"Potential customers frequently ask about the facility's cooling system," says McClarty, "During early meetings Tech people will have specific questions such as how much cooling do you have and your system design. They also want maintenance information. We are transparent with them because we want to build that trust."
Part of that transparency is an observation module within the existing modular central plant that allows clients to observe the actual cooling equipment and facilitate discussion of the cooling system features.
Benefits for the Bottom Line
Phoenix NAP employs many strategies to drive efficiencies and performance. As a data center, it operates at a relatively low Power Utilization Effectiveness (PUE) rate of 1.39. The Daikin Modular Central Plants help contribute to low energy consumption and a smaller carbon footprint with these features:
Variable frequency drives to improve part-load energy efficiency and reduce demand on back-up systems.
R-134a refrigerant gives sustainable performance for the life of the chiller with zero ozone depletion potential and no phase-out schedule under the Montreal Protocol.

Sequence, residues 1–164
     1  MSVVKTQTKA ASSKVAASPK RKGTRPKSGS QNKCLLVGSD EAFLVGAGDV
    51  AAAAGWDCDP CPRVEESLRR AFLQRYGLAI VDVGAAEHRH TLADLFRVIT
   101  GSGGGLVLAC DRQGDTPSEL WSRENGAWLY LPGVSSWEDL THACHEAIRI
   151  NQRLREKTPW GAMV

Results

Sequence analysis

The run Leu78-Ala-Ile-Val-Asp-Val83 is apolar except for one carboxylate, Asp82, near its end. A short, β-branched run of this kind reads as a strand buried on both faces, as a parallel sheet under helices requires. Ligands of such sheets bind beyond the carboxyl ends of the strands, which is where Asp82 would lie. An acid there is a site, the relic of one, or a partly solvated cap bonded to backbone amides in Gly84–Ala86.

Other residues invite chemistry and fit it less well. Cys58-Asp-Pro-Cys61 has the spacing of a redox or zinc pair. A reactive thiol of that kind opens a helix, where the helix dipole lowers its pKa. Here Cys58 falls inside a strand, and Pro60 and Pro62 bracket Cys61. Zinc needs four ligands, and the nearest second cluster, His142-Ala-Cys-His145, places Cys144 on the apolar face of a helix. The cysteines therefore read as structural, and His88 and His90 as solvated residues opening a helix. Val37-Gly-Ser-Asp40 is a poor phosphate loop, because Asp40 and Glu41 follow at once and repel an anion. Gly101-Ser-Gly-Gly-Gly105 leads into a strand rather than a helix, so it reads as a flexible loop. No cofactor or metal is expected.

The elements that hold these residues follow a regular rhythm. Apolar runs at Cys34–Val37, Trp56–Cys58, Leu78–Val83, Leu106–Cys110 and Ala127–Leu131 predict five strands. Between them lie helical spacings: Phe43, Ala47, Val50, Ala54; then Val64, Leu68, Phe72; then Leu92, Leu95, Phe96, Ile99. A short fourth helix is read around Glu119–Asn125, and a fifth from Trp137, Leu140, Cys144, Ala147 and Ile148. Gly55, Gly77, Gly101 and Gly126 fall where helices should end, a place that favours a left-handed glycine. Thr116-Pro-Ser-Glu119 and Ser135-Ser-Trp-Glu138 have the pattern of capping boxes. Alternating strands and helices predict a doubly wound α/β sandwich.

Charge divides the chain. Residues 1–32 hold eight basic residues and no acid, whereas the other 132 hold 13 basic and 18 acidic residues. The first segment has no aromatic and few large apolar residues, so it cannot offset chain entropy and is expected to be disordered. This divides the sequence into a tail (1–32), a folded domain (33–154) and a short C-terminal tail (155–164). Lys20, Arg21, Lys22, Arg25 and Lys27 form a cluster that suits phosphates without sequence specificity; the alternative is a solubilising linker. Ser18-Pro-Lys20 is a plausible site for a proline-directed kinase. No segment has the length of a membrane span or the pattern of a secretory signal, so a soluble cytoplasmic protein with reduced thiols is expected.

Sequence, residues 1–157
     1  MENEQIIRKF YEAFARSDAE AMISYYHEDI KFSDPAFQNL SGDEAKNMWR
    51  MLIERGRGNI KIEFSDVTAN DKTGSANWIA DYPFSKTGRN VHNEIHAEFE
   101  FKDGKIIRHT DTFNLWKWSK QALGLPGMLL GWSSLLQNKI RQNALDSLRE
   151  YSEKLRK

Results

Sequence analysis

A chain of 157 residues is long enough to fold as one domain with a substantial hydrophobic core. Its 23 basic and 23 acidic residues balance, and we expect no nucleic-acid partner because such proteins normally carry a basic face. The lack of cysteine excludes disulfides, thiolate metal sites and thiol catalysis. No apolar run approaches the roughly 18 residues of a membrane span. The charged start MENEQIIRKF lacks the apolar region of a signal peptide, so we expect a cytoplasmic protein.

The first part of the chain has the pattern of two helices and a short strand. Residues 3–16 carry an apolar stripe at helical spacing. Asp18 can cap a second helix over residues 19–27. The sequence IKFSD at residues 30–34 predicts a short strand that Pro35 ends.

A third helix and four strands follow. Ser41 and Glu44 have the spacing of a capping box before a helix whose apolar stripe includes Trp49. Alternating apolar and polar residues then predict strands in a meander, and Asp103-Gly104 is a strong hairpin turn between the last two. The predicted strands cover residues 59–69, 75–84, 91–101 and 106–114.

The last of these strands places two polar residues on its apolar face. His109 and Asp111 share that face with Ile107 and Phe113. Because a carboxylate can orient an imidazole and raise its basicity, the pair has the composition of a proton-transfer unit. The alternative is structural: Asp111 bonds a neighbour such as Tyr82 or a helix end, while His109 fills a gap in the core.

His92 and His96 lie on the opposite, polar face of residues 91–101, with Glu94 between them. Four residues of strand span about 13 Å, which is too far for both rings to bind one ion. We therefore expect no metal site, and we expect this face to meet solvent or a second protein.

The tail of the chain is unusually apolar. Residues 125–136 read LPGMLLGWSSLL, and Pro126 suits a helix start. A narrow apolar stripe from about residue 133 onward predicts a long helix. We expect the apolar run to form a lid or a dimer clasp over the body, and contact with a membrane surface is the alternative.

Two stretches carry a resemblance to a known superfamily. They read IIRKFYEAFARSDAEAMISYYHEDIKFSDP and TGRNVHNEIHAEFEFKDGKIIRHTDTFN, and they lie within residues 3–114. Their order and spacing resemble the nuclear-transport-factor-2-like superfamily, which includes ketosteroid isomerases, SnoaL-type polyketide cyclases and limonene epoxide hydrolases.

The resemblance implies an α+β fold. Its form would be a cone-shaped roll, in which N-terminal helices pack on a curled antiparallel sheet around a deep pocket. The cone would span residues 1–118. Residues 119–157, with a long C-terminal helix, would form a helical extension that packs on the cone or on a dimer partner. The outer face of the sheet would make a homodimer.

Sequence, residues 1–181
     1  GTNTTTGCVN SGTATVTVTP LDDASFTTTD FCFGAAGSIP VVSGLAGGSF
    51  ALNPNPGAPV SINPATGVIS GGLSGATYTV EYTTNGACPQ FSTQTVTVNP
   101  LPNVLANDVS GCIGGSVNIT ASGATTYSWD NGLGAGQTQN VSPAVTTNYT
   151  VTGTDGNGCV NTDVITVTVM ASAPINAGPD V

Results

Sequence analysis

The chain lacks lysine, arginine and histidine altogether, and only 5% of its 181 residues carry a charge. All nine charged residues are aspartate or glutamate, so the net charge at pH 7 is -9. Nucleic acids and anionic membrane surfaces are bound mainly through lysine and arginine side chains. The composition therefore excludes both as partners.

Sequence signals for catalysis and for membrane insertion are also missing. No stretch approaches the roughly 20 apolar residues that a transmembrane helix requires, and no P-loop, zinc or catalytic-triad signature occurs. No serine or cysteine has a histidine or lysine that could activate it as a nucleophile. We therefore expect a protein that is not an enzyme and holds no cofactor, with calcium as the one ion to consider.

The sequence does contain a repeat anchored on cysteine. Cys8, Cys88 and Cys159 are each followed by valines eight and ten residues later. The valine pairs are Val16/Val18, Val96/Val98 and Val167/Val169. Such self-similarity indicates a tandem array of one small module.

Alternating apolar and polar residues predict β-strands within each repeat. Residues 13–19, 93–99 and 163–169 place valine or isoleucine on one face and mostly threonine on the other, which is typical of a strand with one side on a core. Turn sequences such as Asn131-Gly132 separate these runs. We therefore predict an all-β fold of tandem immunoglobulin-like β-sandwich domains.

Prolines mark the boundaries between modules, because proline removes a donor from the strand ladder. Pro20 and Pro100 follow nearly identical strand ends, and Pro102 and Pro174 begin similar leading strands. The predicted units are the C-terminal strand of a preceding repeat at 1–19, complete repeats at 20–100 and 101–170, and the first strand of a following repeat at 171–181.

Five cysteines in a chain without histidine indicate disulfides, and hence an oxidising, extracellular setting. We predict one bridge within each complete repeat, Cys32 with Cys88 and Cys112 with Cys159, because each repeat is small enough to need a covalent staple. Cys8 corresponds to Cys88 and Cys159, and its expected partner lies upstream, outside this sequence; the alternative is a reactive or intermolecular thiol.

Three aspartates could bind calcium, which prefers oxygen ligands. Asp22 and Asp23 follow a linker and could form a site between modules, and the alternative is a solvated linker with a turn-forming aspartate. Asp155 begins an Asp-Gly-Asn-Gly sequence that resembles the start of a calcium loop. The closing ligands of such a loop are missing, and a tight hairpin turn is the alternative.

The Modular Central Plant is built by Daikin in its Phoenix manufacturing facility, minimizing transportation costs and helping the local economy.
Positioned for Growth
Due to continued business growth, Phoenix NAP has installed modules 3 and 4 of the Modular Chiller Plant, this time with Daikin Magnitude® chillers. Fully utilized, the Modular Central Plant will consist of 8 modules and 5,700 tons of cooling capacity. The innovative technology of these chillers is well suited to the advanced data center design of Phoenix NAP.
The Magnitude magnetic bearing compressor eliminates the efficiency-robbing friction inherent in traditional centrifugal chillers. An integrated variable frequency drive, or VFD, optimizes part load efficiency to be the best in its class.
The existing observation module allows Phoenix NAP clients to observe the two new Magnitude 700-ton chillers, a key technology behind the cooling system at the data center. In addition to the four MCPs that will be on site at the facility in 2012, the service yard can support an additional four modular plants for a total of eight.
Phoenix NAP stands ready to grow its IT infrastructure and power densities within the facility and Daikin will be ready to provide additional chillers. To help ensure that the cooling system at the data center continues to operate reliably and efficiently, Phoenix NAP chose a multi-year maintenance agreement with Daikin Service for regular inspections and routine service.
McClarty notes the facility is confident in its decision to go with Daikin as it grows and expands its data center capacity. "Finding a one-stop solution provider like Daikin for infrastructure as a service is invaluable to us as a data center. Daikin isn't selling us chillers, they're selling us devices that produce cooling and they support those devices," he concludes.